Islamic Geometry: A Rosette Tile from The Alhambra

A friend recently shared a picture with me from a visit they made to The Alhambra in Granada, Spain, a few years ago.

After playing with it for a few hours, I fell in love with this deceptively-simple rosette.

  1. Begin with a four-fold foundation.

2. Add two diagonal bisectors through the corners of the petals.

3. Draw two squares inside the mother circle. The north-south and east-west lines serve as the corners for the dynamic square and the diagonal bisectors serve as the corners for the static square.

4. Draw a smaller circler inside your mother circle. Change the radius of your compass to the length from the corner of one square to the point that the squares intersect (green). Place your compass at the center of the mother circle and draw.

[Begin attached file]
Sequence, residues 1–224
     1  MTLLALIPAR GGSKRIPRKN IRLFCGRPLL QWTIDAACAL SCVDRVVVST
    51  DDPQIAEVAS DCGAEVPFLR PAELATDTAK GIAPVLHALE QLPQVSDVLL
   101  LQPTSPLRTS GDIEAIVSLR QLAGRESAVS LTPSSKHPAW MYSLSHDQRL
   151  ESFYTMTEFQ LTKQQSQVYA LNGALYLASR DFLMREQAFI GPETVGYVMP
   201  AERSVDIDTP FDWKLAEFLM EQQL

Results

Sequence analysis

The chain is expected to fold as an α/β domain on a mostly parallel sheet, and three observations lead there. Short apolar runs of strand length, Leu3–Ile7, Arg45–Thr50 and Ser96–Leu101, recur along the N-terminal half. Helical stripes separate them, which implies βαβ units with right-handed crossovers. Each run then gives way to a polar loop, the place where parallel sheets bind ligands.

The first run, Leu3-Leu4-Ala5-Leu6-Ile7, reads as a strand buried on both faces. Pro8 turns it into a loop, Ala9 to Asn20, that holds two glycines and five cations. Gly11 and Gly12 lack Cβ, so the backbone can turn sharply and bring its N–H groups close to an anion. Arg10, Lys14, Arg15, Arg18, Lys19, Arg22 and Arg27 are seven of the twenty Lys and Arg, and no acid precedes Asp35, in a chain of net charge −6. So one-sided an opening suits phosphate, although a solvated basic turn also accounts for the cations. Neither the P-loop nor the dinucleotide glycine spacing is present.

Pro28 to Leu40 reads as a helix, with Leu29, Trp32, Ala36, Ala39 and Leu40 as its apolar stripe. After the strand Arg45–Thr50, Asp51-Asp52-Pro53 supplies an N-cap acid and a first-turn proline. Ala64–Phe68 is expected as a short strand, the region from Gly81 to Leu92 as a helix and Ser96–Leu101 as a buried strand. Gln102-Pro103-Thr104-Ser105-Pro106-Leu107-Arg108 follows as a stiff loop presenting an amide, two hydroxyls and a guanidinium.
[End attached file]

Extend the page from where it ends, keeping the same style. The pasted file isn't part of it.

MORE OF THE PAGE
5. Circle each point where the smaller circle intersects with the bisectors. Number these points like a clock – if a clock only have 8 hours.

6. Draw a star using one continuous line that goes from from 1-4-7-2-5-8-3-6-1.

7. Extend the lines that make the points of the stars so that they touch the square.

8. Finish. Trace the star and the arrow shapes that touch each point of the star.

Alternatively, you may see four bowtie shapes that make up the pattern.


This pattern doesn’t produce a very interesting tessellation, but it can be base for some really stunning pathwork. Later this week, I’ll show you how to weave the pattern and add dimension.

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